The answer, according to San Diego Police Department is: The same way all other laws are enforced, on a case-by-case basis, with highest-priority calls addressed first.
At present, scooter violations will go into the general police-call mix and will be responded to according to their severity, said SDPD Lt. and spokesperson Shawn Takeuchi.
“Officers will not have radar guns enforcing scooter speeds, and there are obviously some areas outside our jurisdiction that we cannot enforce,” said Takeuchi.
Noting SDPD’s workforce remains below desired levels despite recent pay increases and heightened recruitment, Takeuchi said technology will be relied on to help slow scooters down in high-volume areas.
“All the scooter companies will be required to use self-enforcing geofencing technology, putting ‘boundaries’ around certain areas,” he said. “That technology uses constantly transmitted data to automatically reduce scooter speeds in certain designated areas.”
In specific geofenced areas, operators will slow scooters to 8 mph. Three of those designated areas are pedestrian-only, where operators will slow scooters to 3 mph with a push message notifying riders to leave that area. Geofencing will be in effect for beach-area boardwalks, Balboa Park, NTC Park, Mission Bay Park, Petco Park and pedestrian-only locations, including North/South Embarcadero, MLK Jr. Promenade and La Piazza della Famiglia in Little Italy.
Takeuchi noted new scooter regulations now require them to be left in designated scooter corrals, 330 of which are now in downtown, with more being determined in other City neighborhoods.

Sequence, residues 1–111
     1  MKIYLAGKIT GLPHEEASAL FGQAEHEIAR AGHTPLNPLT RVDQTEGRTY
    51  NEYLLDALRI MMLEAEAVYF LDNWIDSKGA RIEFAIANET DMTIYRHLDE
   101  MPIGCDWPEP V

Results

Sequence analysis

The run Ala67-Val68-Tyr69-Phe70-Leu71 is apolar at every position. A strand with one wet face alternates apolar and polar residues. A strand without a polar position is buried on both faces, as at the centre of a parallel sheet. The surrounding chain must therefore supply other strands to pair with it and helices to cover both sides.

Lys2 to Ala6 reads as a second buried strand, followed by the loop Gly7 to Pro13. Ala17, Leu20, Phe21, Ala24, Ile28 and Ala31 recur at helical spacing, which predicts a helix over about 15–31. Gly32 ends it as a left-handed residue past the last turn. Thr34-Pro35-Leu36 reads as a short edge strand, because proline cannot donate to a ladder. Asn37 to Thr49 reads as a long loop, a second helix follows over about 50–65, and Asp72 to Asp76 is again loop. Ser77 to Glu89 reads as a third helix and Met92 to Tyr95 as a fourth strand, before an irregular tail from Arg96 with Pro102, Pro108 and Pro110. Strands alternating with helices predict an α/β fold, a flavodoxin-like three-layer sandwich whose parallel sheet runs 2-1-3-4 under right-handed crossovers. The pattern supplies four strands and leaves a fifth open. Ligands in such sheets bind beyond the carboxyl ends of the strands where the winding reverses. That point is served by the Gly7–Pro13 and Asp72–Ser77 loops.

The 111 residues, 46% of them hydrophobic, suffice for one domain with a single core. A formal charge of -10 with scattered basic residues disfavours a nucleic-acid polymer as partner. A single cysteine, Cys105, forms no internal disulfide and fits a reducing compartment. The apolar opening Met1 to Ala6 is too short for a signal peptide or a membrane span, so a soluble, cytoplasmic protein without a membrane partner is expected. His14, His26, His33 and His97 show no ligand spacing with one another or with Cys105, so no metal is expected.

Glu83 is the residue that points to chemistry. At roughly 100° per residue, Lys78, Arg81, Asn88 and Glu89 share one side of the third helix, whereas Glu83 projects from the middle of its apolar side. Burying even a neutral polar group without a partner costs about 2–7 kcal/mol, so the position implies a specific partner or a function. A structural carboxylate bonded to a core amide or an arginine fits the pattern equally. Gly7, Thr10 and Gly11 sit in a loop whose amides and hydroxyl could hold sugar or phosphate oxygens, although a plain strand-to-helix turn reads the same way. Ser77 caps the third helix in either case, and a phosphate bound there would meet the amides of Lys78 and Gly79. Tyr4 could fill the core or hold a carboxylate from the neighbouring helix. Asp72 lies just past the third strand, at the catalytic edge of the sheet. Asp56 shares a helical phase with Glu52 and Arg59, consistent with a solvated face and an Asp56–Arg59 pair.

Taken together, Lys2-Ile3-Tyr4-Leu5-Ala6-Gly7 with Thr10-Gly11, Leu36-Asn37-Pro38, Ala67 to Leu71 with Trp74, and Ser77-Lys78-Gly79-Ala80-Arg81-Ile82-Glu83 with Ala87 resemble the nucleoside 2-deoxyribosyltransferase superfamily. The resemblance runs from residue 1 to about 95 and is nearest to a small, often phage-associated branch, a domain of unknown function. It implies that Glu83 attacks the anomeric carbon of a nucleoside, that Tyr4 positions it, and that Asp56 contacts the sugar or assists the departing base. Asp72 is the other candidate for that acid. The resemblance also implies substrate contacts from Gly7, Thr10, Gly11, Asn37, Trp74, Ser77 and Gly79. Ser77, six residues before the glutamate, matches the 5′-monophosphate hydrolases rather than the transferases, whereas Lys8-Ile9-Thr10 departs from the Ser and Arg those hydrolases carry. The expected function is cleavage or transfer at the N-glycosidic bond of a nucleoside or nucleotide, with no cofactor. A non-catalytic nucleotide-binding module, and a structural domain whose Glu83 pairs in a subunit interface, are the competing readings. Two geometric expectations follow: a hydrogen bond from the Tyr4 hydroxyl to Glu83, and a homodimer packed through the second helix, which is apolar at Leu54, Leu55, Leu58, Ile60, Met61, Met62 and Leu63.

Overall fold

“Most corrals are being staged in front of red curbs, a dead- space area on the street,” Takeuchi said.
The SDPD spokesperson said education about new scooter laws for users of all ages will be a big part of the initial rollout of scooter enforcement.
“We will stop double-riding,” said Takeuchi, who added such violations are “not considered child endangerment.”
“What you find frequently is that out-of-town tourists are the ones engaging in this behavior,” he said. “With tourists, our first approach is to educate them to cease their behavior.”
Takeuchi added the police department has to strike a balance between the spirit of the law and the realities of everyday enforcement.
“We can’t take a 100-percent zero-tolerance stance and just give everyone a ticket,” he said. “We hire officers and train them to use their discretion.”
Concerning scooters and new regulations governing them, Takeuchi said the bottom line is,“We will enforce scooter violations as we can. We will use education and warnings first, then officers will use citations at their discretion.”